When Channel Islanders joined the army of Duke William in 1066, crossed the English Channel and conquered England, little did they realise what the result would be for their descendants. Rather than just being "Normans", their descendants would be forever "British".
For one and a half centuries England and Normandy were two countries ruled by the same person, who was at the same time King of England and Duke of Normandy. In 1204 the French king conquered continental Normandy but left the Channel Islands under the control of the English king. As the English had substantial territories remaining in France, such as in Bordeaux, the islands were heavily fortified as essential staging posts for naval and military operations.
As a reward for their loyalty, the islanders were given many benefits by their Duke, which were enshrined in Royal Charters. Benefits included freedom from English taxation and other laws applying to England. The islands retained their Norman heritage, their Norman laws and their internal self- government. This beneficial constitutional basis has been built upon through successive centuries and today the islands find themselves in a unique constitutional position as self-governing dependencies of the British Crown, with their own autonomous parliaments making their own laws.
Their position is very different from that of British colonies, where British people have colonised lands in other parts of the world and have taken as their authority for colonisation the consent of the British government and the Imperial parliament at Westminster. They are thus subject to the legislative power of Westminster. The former colonies, which are now independent dominions, such as Canada and Australia, have had their present status conferred upon them by the Westminster parliament.
The constitutional history of the Channel Islands is quite different. Normandy acquired England by conquest and thus the peoples south of the English Channel were not subject to the dictates of the Westminster parliament.
Through the centuries democratic institutions have developed in Britain whereby the king ceded some of his powers to the people. These people were the people of England, Scotland, Wales and Ireland (now only Northern Ireland). The Channel Islanders were a different "people" who were not part of this arrangement.
Until the UK entered the European Union in 1973 the British parliament was sovereign. Now it is subject to the supremacy of the European institutions. The Channel Islands do not, however, form part of the European Union and so they are not subject to directives from Brussels in the same way as they apply to the United Kingdom. There are some minor exceptions, which the islands have agreed to, such as agricultural subsidies and import duties on goods from third countries. The islands therefore have much more freedom internationally than the UK.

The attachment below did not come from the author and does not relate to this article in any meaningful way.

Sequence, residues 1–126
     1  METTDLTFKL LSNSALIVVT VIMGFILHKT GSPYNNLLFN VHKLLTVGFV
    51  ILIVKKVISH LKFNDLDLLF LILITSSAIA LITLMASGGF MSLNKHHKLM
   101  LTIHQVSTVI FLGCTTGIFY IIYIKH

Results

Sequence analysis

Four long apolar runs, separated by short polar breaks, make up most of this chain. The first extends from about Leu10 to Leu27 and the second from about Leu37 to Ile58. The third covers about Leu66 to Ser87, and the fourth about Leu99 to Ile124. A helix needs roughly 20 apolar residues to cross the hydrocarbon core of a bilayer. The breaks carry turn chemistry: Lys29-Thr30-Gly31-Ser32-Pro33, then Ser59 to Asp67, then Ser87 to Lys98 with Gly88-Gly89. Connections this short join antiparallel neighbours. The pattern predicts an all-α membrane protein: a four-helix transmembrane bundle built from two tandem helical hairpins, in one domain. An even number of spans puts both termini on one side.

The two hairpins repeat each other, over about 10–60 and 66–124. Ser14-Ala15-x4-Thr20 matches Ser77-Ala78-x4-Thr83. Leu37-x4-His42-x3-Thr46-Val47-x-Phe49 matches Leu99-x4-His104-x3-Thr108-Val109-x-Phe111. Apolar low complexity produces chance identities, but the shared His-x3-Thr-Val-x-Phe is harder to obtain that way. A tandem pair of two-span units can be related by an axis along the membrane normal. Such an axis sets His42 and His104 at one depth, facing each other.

The British Crown has the power, by constitutional convention, to legislate for the islands only in the event of the breakdown of good government. As the Islands have had more stable government than the UK itself through the centuries, the use of the convention is very remote.
The people of the islands have always been more conservative than the population of the United Kingdom. When socialism took root in Britain in the twentieth century it found little sympathy in the islands. The conservatism of the islanders has resulted in its present political and tax structure. The islanders have held and continue to hold traditional values of financial prudence. Even now the government of Guernsey refuses to borrow money to finance deficit budgets. This means that in the past there has not been government borrowing to finance expensive social initiatives and public projects. If the islands could not afford something from their current resources they would do without it. As a result of the lack of government borrowing there is no public debt and so no public loan repayments. We therefore need less money to fund public expenditure than similar communities elsewhere and so our tax rates are lower than they would otherwise be.
In the past because our tax rates were low, people from elsewhere came to Guernsey to take advantage of them. In that sense the island has been a "tax haven" for those from elsewhere, but it was never intended as a tax haven for local people. Taxes were raised to finance public expenditure, not to redistribute wealth.
The finance sector is undergirded by modern laws governing banking, companies, trusts and mutual funds. There is a strong infrastructure to support the sector, including Guernsey advocates, English solicitors, foreign lawyers, accountants, actuaries, bankers, fund managers and insurance managers.
The island is proud of its democratic system of government, with 55 members of the States of Guernsey (the parliament) elected by public franchise and its independent judicial system. The Royal Court of Guernsey administers local laws. Appeals go to the Guernsey Court of Appeal and from there, on points of law only, to the Judicial Committee of the Privy Council in London. Appeals on human rights issues go to the European Court of Human Rights in Strasbourg.
The island has had a long and proud history of independence and financial prudence and intends it to stay that way in the future.
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